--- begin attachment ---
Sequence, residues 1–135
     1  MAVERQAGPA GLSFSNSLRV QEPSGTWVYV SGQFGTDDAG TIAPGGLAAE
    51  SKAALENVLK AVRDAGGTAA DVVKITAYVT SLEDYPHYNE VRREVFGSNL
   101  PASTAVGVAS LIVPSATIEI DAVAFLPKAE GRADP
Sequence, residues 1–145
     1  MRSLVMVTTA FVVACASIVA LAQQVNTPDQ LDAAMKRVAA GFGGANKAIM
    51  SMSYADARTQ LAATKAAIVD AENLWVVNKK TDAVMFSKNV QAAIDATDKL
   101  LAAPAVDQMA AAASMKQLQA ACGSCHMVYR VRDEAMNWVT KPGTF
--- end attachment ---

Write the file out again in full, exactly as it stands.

Sequence, residues 1–135
     1  MAVERQAGPA GLSFSNSLRV QEPSGTWVYV SGQFGTDDAG TIAPGGLAAE
    51  SKAALENVLK AVRDAGGTAA DVVKITAYVT SLEDYPHYNE VRREVFGSNL
   101  PASTAVGVAS LIVPSATIEI DAVAFLPKAE GRADP
Sequence, residues 1–145
     1  MRSLVMVTTA FVVACASIVA LAQQVNTPDQ LDAAMKRVAA GFGGANKAIM
    51  SMSYADARTQ LAATKAAIVD AENLWVVNKK TDAVMFSKNV QAAIDATDKL
   101  LAAPAVDQMA AAASMKQLQA ACGSCHMVYR VRDEAMNWVT KPGTF